LAWRENCEVILLE — Jordan Bracken-Howley didn’t feel well Sunday. The 17-year-old was nauseous, complaining of a headache. A rising senior on Apalachee High School’s football team, he took some medicine and went to bed at his stepfather’s home in Lawrenceville.
Monday morning, Bracken-Howley’s father went to rouse him at 7 a.m. Time for workouts.
The teen didn’t wake up.
“(The family) is just trying to get some answers, some closure just trying to figure out what went on,” Apalachee head coach Shane Davis said early Tuesday.
That was before an autopsy was performed by the Gwinnett County Medical Examiner’s Office. Late Tuesday afternoon, the family got news that Bracken-Howley died because of a pituitary tumor at the base of his brain.
“Tumors grow,” chief forensic investigator Ted Bailey said. “This one had some bleeding and was likely causing some increased pressure on the brain.”
According to an incident report filed by Lawrenceville police, Bracken-Howley had a headache and vomited at about 11 p.m. Sunday night before going to sleep around 1:30 a.m. His stepfather reportedly heard him coughing at about 4 a.m. When emergency personnel arrived at the home on Stone Mountain St. at about 7:10 a.m., “there was a visible foam that appeared to have come from Jordan’s nose,” police said.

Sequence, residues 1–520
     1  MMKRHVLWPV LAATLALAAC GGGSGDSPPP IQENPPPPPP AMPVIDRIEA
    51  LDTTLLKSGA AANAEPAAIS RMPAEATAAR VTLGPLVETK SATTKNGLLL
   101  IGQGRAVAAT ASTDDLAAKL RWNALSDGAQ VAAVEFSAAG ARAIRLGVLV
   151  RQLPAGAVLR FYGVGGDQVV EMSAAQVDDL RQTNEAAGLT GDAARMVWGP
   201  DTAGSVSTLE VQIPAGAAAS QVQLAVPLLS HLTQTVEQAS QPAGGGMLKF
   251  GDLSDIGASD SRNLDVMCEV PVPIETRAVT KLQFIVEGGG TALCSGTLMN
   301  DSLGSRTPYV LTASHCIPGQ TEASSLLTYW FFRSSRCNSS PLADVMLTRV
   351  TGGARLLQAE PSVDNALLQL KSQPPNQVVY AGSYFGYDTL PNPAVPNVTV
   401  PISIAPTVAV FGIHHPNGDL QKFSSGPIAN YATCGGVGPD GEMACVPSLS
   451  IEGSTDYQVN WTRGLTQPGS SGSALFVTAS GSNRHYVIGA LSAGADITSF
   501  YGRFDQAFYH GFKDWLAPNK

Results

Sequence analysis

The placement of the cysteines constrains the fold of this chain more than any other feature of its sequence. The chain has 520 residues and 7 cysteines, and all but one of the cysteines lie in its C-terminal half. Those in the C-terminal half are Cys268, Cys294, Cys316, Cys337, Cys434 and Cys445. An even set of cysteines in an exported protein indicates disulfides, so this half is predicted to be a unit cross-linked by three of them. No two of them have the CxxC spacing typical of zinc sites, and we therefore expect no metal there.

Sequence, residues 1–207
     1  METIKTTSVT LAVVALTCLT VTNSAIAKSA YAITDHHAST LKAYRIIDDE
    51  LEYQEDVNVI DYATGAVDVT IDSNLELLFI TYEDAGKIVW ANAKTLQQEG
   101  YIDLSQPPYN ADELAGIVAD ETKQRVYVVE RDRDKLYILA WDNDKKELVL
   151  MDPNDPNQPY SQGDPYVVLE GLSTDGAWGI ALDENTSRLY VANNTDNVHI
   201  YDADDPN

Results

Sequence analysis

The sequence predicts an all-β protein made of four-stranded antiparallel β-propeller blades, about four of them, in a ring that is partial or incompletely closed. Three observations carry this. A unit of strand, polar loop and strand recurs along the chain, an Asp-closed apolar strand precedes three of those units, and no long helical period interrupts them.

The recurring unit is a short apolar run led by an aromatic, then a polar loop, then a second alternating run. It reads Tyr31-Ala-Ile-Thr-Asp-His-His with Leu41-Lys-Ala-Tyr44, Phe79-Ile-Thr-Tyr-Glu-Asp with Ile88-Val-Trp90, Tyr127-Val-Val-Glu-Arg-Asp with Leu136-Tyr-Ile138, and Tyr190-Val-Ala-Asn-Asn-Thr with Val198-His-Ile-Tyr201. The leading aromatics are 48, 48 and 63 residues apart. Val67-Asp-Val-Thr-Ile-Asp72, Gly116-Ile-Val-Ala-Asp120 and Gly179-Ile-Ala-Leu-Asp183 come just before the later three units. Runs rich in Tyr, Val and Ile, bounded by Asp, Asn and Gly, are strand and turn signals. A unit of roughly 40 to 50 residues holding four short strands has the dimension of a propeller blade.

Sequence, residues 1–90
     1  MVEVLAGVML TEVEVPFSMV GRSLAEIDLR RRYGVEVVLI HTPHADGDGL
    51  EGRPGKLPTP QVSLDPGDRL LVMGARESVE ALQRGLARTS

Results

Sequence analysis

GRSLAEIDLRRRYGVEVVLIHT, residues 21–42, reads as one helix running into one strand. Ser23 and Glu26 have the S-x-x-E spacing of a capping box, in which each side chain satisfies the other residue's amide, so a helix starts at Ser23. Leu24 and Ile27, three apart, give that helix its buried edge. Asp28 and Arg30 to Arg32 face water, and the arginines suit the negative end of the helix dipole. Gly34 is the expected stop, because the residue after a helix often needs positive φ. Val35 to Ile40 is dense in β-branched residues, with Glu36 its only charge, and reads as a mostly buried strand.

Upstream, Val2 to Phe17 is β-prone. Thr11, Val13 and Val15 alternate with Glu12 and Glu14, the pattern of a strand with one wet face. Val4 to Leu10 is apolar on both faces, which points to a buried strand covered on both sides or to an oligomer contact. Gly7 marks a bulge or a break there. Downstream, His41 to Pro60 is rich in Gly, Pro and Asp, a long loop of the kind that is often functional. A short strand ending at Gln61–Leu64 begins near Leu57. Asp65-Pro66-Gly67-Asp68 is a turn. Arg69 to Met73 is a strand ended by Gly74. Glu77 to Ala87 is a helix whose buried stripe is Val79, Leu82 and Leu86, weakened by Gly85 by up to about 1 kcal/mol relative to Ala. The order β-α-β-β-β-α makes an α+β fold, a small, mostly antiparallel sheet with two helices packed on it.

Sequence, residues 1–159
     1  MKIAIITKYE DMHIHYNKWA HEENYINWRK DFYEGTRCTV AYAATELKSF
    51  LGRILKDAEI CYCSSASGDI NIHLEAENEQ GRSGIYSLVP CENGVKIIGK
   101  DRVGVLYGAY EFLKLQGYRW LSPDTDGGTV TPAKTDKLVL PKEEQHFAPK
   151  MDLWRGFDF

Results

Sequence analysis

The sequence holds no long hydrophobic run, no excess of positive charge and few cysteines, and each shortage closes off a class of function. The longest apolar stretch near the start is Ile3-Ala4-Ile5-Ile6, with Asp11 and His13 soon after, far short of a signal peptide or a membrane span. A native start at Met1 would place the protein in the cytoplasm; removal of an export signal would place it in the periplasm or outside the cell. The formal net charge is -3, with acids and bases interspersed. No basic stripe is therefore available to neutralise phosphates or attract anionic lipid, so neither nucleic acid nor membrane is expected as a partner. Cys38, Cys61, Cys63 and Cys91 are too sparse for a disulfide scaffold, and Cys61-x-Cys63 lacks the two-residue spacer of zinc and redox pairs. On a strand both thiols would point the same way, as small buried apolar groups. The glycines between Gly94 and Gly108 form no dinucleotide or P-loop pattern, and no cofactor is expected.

His stepfather told police that Bracken-Howley had “sweated a lot” the night of the incident and was “more clumsy than usual on Saturday while at work.”
At practice as recently as Friday, Bracken-Howley played offensive and defensive line for the Wildcats. He wasn’t a starter, but embodied everything the Apalachee program stood for, Davis said.
“He was the first one out there when we would call for a scout team,” Davis said. “He was dependable, he was always there, always at workouts. He worked extremely hard in the weight room and on the practice field. He was a kid who seemed very proud to be a part of our program.”
Davis said his staff didn’t find out about Bracken-Howley’s death until after Monday’s workouts. While they’ve been texting and calling players non-stop since then, Wednesday morning will be the first time they meet in person.
Unsure Tuesday of what he would say to address the team, Davis said local pastors and other counselors would likely be present at Wednesday’s practice.
“Kids are resilient,” he said. “A lot of times they’re a whole lot more resilient than adults are.”